What’s The Deal With Electrolytes?

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All About Electrolytes

Is it just us or has the word electrolyte been buzzing around for quite some time? A buzz word, you might say. Most of us know about ’em but do we actually know what they are and why we need them? Read on below to find out the nitty gritty details about this group of minerals.

What Are Electrolytes?

Electrolytes are a group of minerals which include calcium, magnesium, potassium and sodium.

What Do They Do?

These minerals transmit nerve signals in your body through a form of electro-chemical energy. That means they have a positive or negative charge when dissolved in water and can conduct electricity in that state.

Your cells use electrolytes to conduct electrical charges, allowing your muscles to contract. Those same electrical charges also help with chemical reactions, especially when it comes to hydration and the balance of fluids inside and outside of cells. (1)

Electrolytes control the movement of fluid in your body and help move nutrients into your cells and waste out of your cells. Fluid balance is also responsible for blood pressure.

Why Are They Important?


Sodium helps transport other nutrients into the cell, helps with muscle contraction and helps to send signals through nerves. Most of the sodium in our diet comes from store bought packaged foods as well as meals purchased from restaurants. Bread products, cold cuts and cured meats, savory snacks like chips, pretzels and crackers, and cheese contribute the most sodium to our diets on average in the processed and packaged food category.


This mineral plays an important role in assisting enzymes to carry out various chemical reactions in the body such as building proteins and strong bones, and regulating blood sugar, blood pressure, and muscle and nerve functions. Magnesium is also required for energy production (2). Magnesium sources include spinach, lima beans, pumpkin seeds and soybeans.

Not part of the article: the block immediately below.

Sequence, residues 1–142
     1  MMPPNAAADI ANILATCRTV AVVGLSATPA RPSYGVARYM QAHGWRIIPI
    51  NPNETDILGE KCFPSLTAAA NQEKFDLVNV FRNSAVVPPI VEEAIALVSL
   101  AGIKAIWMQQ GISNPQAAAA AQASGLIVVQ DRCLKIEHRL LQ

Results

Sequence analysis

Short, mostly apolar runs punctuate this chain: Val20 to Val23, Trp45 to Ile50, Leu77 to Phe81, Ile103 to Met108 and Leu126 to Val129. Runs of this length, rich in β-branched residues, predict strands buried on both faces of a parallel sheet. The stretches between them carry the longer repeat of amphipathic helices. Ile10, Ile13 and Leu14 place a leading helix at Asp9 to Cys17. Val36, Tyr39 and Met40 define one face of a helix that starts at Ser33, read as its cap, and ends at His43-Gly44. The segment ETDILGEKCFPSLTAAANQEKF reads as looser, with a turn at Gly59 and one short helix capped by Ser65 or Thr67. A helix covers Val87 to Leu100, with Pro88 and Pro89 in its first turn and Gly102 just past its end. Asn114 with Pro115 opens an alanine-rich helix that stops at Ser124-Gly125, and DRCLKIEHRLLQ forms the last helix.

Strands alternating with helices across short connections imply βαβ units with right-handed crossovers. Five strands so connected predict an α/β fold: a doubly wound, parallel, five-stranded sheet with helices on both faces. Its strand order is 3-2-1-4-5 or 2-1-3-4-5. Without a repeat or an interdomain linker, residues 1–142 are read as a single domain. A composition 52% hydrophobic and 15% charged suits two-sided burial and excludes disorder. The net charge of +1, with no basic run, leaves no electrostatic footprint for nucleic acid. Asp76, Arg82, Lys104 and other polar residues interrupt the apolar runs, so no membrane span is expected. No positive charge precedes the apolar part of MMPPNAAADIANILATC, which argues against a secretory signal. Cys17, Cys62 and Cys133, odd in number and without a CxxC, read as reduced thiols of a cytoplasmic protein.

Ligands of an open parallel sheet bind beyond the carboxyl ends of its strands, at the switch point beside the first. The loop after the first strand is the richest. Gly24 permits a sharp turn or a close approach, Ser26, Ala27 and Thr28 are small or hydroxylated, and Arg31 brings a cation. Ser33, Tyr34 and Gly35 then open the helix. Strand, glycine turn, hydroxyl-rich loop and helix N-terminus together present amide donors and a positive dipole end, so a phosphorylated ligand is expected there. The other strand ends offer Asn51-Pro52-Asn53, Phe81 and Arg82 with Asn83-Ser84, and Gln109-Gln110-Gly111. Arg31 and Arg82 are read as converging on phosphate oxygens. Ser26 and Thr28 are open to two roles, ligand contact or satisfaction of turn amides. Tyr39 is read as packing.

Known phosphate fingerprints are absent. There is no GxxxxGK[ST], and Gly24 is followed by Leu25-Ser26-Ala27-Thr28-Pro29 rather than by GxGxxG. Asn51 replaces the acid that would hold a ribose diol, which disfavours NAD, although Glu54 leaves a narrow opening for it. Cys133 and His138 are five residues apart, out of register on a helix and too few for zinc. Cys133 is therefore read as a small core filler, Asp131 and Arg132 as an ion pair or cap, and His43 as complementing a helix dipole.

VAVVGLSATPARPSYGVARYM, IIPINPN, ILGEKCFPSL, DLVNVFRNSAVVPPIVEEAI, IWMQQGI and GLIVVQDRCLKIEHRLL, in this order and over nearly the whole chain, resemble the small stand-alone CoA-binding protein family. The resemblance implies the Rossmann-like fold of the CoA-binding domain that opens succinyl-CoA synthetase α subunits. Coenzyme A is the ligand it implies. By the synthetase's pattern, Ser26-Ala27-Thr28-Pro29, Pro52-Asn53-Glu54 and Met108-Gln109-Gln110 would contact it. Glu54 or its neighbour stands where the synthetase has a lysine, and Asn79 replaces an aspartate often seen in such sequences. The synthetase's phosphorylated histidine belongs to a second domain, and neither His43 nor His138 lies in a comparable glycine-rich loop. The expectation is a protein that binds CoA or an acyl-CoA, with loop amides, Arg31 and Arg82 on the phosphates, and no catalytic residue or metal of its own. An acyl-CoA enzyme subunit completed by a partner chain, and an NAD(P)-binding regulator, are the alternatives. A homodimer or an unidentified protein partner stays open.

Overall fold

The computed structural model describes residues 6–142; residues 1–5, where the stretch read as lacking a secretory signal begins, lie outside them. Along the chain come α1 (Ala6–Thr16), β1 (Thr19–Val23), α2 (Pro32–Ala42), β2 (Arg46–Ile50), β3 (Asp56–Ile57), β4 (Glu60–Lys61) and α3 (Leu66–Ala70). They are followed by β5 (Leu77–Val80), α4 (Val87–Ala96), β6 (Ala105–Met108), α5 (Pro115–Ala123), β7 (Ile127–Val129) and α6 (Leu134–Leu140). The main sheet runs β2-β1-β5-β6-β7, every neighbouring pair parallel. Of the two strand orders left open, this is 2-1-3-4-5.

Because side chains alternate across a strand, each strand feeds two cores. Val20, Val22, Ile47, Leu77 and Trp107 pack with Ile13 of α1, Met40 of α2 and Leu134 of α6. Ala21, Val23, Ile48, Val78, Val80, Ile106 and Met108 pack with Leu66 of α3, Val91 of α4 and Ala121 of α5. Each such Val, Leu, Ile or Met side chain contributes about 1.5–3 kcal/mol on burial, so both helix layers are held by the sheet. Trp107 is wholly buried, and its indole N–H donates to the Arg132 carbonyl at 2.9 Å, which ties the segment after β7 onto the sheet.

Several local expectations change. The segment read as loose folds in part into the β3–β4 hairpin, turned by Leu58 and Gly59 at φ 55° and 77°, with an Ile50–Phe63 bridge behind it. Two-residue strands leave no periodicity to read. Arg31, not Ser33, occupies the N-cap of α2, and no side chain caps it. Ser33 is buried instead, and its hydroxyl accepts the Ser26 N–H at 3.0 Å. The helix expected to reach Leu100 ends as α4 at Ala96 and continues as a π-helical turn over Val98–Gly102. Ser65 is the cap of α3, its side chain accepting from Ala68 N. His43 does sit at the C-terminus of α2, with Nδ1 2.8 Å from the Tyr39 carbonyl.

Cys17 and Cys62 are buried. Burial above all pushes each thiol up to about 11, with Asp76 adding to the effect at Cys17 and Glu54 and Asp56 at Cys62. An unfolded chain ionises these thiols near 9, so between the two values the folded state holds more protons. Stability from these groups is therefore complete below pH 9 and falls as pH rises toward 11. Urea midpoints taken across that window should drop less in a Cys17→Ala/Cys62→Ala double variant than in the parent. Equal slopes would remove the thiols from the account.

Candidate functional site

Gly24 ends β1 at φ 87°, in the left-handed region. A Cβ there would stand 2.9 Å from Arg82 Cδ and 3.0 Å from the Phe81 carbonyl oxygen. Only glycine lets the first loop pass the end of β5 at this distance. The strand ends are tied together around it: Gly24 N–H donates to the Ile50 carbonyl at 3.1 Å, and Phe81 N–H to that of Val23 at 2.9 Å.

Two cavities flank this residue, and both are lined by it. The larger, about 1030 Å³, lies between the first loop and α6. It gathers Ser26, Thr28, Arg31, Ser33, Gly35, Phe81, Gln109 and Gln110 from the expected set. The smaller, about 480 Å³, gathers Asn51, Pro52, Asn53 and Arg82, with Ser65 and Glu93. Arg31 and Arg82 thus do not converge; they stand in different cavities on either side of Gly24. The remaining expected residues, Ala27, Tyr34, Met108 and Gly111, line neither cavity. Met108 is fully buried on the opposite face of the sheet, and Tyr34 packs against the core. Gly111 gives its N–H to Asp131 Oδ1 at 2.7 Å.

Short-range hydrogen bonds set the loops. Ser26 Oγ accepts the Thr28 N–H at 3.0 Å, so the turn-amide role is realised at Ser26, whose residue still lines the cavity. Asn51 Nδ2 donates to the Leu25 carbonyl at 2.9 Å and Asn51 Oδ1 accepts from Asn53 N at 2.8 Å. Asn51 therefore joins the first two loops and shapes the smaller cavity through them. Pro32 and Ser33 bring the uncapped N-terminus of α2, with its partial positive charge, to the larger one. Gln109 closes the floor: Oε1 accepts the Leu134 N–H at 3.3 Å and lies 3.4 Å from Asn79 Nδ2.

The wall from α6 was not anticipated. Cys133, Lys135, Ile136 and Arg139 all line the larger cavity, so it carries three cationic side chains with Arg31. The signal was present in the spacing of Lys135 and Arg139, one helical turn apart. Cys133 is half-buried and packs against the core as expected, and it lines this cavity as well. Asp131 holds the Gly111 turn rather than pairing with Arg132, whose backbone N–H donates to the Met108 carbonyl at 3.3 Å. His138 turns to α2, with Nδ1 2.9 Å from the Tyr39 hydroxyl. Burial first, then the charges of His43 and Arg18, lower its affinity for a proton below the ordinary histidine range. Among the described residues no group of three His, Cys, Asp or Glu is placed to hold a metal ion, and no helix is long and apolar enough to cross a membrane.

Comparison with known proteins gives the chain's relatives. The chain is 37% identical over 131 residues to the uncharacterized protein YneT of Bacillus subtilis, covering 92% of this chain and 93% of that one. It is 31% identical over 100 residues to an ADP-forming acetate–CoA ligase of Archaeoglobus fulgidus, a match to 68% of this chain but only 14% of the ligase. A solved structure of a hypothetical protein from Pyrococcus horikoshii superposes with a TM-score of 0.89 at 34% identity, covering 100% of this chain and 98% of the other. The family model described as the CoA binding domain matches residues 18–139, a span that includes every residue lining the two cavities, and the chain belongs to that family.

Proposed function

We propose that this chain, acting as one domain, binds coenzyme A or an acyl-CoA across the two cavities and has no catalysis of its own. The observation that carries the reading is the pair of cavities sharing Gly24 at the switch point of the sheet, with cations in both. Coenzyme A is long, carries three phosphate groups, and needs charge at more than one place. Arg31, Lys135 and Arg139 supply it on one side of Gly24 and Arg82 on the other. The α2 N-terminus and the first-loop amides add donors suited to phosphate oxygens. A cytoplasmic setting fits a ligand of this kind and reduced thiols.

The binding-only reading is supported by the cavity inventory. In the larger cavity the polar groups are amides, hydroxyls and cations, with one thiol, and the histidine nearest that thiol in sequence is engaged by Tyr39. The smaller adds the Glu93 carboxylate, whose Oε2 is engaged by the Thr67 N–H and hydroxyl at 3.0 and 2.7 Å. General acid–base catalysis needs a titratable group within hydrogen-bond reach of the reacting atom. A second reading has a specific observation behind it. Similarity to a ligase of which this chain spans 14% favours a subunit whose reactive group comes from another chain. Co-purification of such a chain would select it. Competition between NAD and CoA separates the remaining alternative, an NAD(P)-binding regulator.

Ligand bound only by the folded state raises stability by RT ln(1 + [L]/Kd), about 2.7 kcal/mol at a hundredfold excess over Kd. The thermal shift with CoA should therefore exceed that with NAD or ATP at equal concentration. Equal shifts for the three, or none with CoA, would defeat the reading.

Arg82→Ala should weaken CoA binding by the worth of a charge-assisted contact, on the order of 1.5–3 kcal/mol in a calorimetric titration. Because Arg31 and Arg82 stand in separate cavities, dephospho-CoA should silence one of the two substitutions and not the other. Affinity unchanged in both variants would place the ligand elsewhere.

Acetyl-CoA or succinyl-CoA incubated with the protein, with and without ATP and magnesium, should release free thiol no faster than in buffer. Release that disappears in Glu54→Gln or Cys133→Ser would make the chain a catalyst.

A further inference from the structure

This mineral helps maintain fluid balance, aids in muscle contractions and helps to transmit signals through nerves. It is also used to maintain a steady heartbeat. Potassium and sodium are closely linked in the body. If you are low in potassium, your body will hold onto both potassium and sodium ions so you may want to keep an eye on your potassium:sodium nutrient balance, available to our Gold subscribers. Potassium sources include green leafy vegetables, milk, potatoes, fruit and coffee.


Calcium is the most abundant mineral in your body. It helps grow healthy bones early in life and minimizes bone loss later in life. Calcium is used when muscles contract, in blood clotting and to send signals from your brain to tissues in your body. Calcium sources include tofu, spinach and dairy products.

Electrolytes & Your Diet

Typically, eating foods throughout the day is enough to keep your electrolyte levels in check. However, if you’ve done a particularly long and hard work out (over 2 hours) or you have sweat a lot, consider using electrolyte supplements to balance your blood sodium levels as you rehydrate.